1887
Volume 27, Issue 5
  • E-ISSN: 1365-2117

Abstract

Abstract

The Barmer Basin is a poorly understood rift basin in Rajasthan, northwest India. Exposures in the Sarnoo Hills, situated along the central eastern rift margin of the Barmer Basin, reveal a sedimentary succession that accumulated prior to the main Barmer Basin rift event, and a rift‐oblique fault network that displays unusual geometries and characteristics. Here, we present a comprehensive study of Lower Cretaceous sedimentology on the basin margin, along with a detailed investigation of rift‐oblique faults that are exposed nowhere else in the region and provide critical insights into Barmer Basin evolution. Lower Cretaceous sediments were deposited within a rapidly subsiding alluvial plain fluvial system. Subsequent to deposition, the evolving Sarnoo Hills fault network was affected by structural inheritance during an early, previously unrecognised, rift‐oblique extensional event attributed to transtension between India and Madagascar, and formed a juvenile fault network within the immediate rift‐margin footwall. Ghaggar‐Hakra Formation deposition may have been triggered by early rifting which tectonically destabilised the Marwar Craton prior to the main northeast–southwest Barmer Basin rift event. The identification of early rifting in the Barmer Basin demonstrates that regional extension and the associated rift systems were established throughout northwest India prior to the main phase of Deccan eruptions. Inheritance of early oblique fault systems within the evolving Barmer Basin provides a robust explanation for poorly understood structural complications interpreted in the subsurface throughout the rift. Critically, the presence of syn‐rift sedimentary successions within older oblique rift systems obscured beneath the present‐day Barmer Basin has significant implications for hydrocarbon exploration.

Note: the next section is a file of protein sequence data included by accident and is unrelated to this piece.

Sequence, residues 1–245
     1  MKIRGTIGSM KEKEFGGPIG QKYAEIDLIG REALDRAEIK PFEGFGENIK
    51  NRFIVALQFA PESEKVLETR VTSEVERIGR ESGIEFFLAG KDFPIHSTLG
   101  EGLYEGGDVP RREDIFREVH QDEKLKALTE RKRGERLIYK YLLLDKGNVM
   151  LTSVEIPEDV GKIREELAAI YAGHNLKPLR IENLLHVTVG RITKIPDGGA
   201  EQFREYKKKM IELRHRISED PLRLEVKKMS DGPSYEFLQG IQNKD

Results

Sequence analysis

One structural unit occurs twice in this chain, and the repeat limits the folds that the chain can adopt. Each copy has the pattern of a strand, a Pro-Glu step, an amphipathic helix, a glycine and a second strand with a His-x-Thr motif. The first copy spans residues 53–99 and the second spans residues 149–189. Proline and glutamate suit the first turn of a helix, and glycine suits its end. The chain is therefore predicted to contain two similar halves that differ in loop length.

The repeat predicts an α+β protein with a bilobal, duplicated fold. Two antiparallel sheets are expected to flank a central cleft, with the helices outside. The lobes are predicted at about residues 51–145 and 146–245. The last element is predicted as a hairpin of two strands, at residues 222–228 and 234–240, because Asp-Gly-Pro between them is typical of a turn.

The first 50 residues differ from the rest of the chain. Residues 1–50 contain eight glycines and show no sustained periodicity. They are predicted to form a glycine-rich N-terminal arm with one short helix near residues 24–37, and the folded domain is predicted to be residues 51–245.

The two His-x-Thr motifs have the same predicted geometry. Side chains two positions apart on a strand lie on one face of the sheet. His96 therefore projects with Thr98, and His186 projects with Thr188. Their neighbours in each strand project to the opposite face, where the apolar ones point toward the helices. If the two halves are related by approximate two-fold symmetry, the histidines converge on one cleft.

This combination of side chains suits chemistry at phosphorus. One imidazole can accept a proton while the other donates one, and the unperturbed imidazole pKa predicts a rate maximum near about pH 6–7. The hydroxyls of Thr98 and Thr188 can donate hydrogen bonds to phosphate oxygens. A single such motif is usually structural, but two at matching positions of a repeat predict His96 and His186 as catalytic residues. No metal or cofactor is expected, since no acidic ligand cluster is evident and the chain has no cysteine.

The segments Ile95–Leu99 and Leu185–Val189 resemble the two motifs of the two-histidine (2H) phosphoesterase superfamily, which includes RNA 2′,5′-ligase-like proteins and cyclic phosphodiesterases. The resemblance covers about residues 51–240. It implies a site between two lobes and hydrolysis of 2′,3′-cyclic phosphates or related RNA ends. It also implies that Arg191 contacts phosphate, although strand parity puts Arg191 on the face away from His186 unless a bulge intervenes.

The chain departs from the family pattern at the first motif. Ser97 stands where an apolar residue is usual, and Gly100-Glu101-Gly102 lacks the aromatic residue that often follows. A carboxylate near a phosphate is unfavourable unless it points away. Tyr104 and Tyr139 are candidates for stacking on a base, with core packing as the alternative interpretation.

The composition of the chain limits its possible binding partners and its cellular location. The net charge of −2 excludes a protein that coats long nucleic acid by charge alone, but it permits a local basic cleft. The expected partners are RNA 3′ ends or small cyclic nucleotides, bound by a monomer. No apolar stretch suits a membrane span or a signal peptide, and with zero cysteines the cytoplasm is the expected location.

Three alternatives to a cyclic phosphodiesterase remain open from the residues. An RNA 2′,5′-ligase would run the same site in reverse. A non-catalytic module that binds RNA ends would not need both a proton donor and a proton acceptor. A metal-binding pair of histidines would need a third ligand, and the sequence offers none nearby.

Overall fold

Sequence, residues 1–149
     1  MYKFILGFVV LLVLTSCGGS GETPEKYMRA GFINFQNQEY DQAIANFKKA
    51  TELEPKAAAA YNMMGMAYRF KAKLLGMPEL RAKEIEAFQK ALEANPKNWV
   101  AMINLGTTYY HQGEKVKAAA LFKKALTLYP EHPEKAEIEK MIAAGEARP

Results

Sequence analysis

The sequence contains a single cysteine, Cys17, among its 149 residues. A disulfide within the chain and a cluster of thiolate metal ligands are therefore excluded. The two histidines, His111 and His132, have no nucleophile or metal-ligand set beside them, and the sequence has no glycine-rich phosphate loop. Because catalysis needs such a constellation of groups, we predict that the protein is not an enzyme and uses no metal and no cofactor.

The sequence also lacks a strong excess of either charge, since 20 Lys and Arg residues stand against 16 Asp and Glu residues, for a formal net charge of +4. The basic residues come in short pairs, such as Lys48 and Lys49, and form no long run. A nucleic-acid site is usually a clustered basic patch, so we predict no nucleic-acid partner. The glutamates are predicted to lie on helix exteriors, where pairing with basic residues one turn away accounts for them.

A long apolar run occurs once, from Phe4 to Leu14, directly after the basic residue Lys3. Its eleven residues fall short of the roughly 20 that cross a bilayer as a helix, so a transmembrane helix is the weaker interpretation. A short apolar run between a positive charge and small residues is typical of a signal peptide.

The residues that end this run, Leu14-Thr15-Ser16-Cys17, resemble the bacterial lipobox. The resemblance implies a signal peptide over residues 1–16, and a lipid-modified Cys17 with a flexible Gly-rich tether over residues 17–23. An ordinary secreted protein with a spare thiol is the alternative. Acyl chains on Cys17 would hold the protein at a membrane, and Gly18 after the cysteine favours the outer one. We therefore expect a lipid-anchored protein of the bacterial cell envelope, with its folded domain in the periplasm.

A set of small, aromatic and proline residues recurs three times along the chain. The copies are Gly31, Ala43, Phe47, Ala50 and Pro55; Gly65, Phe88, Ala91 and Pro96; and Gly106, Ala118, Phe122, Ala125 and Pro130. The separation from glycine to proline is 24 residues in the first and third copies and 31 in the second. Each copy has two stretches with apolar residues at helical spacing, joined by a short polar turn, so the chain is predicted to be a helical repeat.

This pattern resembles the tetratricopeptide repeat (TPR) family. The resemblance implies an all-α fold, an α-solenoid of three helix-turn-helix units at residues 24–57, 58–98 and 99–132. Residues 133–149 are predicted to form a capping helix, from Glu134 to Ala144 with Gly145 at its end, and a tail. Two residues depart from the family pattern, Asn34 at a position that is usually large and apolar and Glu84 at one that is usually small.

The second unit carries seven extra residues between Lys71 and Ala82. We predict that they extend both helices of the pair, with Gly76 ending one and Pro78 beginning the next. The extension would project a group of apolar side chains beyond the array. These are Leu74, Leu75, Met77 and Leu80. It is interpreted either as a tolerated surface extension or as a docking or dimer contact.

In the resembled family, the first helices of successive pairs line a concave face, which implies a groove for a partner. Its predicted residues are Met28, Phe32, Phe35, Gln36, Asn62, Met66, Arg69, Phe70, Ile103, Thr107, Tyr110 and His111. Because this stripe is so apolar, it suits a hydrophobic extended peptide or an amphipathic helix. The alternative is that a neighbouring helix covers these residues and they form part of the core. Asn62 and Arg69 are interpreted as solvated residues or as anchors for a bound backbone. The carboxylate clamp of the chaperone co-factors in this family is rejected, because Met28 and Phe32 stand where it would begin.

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2020-08-07
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